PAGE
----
The Democratic-led Senate must pass its own bill to fund the government if it expects House Republicans to negotiate a final agreement on spending and budget cuts, House Speaker John Boehner (R-Ohio) will say in a Wednesday speech.

"House Republicans are not going to negotiate with ourselves," Boehner will say in a speech before the U.S. Hispanic Chamber of Commerce, according to prepared remarks.

Between now and April 8, the date when the government is slated to run out of money and faces a shutdown, the Senate must pass its own spending proposal if Democrats wish for negotiations to advance.

"The Senate must act," Boehner will say. "The Senate needs to do its job.”

House Republicans and Senate Democrats have engaged in a war of words over spending, and how to fund government the rest of this year. The two sides are locked in negotiations over the depth of the cuts between now and September.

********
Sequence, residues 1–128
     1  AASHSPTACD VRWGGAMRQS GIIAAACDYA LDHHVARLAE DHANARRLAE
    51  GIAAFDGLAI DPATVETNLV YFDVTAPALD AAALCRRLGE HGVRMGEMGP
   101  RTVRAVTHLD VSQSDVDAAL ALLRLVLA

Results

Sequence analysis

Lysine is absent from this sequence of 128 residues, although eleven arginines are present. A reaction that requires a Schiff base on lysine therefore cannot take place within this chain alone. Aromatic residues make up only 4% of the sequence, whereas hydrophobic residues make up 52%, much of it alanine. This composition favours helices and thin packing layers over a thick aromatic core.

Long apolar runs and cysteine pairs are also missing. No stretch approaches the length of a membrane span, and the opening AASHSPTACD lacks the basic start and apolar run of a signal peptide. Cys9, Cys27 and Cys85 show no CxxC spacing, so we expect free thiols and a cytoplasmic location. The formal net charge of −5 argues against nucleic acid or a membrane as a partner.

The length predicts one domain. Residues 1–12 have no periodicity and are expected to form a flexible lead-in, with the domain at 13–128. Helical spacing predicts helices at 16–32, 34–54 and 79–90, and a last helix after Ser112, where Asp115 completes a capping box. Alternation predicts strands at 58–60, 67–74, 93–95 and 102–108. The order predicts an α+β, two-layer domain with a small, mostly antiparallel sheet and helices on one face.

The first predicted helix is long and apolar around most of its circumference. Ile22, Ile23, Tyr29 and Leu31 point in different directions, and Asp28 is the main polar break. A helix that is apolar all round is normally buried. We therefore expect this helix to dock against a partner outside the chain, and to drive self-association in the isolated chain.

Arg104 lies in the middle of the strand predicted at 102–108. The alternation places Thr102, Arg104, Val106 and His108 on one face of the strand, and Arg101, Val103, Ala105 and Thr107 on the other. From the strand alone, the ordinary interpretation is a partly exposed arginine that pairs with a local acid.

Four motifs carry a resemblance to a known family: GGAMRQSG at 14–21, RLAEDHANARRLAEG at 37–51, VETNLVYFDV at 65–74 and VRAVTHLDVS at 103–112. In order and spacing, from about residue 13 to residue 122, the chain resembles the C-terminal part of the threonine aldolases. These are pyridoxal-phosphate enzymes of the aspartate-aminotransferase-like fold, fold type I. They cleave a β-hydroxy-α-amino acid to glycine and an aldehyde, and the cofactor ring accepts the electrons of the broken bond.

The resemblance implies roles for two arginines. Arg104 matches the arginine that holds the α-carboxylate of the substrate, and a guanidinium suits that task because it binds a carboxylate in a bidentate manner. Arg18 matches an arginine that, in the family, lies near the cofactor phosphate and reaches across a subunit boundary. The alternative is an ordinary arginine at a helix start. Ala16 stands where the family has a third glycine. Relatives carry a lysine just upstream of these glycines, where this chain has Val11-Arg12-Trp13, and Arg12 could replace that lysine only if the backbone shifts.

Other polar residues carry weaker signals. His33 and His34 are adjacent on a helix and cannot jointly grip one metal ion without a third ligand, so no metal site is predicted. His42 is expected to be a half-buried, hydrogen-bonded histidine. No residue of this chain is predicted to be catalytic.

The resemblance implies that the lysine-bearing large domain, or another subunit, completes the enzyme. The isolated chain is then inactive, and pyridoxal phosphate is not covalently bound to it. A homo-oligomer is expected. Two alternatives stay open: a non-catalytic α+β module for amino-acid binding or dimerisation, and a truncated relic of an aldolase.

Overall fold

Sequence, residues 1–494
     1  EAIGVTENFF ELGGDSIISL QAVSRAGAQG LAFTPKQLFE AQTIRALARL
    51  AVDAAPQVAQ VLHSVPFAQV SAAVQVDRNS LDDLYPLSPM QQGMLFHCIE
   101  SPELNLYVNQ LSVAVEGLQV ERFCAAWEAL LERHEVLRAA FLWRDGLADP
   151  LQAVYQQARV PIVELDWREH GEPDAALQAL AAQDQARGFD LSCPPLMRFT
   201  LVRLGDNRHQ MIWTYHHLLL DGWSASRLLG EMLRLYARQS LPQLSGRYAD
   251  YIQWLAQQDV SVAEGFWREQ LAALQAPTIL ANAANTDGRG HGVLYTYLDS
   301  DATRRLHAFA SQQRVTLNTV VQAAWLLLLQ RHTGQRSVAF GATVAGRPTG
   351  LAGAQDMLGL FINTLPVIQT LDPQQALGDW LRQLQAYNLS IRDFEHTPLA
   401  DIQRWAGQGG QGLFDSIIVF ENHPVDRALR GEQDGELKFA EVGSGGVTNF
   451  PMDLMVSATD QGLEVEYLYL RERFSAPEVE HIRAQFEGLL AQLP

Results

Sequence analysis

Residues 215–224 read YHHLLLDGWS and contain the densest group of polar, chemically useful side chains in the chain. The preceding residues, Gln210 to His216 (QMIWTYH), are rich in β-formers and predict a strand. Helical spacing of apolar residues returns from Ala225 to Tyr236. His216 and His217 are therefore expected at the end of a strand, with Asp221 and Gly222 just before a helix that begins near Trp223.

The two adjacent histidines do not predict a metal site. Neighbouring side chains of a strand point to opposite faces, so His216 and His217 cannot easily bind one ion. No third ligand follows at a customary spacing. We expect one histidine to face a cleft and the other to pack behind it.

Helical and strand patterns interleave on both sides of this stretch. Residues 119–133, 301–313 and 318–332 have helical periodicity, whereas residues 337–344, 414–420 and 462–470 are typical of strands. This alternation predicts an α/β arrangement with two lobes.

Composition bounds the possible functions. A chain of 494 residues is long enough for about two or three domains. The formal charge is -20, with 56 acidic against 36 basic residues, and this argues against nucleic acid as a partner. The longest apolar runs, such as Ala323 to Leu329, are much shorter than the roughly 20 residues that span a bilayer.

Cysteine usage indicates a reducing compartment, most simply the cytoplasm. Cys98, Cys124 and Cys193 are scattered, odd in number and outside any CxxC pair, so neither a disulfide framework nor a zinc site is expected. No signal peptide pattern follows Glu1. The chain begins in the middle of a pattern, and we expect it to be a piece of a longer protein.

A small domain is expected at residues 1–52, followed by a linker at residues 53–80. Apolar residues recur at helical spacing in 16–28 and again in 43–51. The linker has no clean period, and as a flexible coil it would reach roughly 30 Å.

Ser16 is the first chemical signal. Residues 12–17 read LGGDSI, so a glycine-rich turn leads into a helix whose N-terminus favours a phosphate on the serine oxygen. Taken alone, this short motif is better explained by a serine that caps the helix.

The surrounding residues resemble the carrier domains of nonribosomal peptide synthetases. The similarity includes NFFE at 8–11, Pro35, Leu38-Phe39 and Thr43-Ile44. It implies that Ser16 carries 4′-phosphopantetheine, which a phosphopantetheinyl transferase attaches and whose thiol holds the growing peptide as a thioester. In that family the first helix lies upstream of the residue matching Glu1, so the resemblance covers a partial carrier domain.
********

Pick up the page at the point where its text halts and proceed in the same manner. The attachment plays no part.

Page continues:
Republicans in the House passed legislation to slash $61 billion from existing spending, $10 billion of which has already been achieved over short-term spending measures.

Democrats initially said they would agree to a spending freeze, but have since offered an additional $30 billion in cuts below that, a proposal they contend meets Republicans halfway.

But GOP leaders have long complained that because the Senate didn't lay down a marker by way of passing its own spending proposal, it was impossible to gauge where votes in that chamber line up.

Democrats did hold two test votes: on the House-passed Republican proposal and the spending freeze, both of which failed. Democratic defections on the spending freeze vote has Republicans optimistic, though, that they can pick up support for a more conservative proposal than Democratic leaders might prefer.

"The House passed a bill that cuts $61 billion from current spending levels — more than $100 billion compared to the levels in the president's last budget — and funds the government through September," Boehner will say. "This was our Pledge to America. The Senate, by contrast, has not passed any long-term bill. And this has made talks on a final bill very difficult."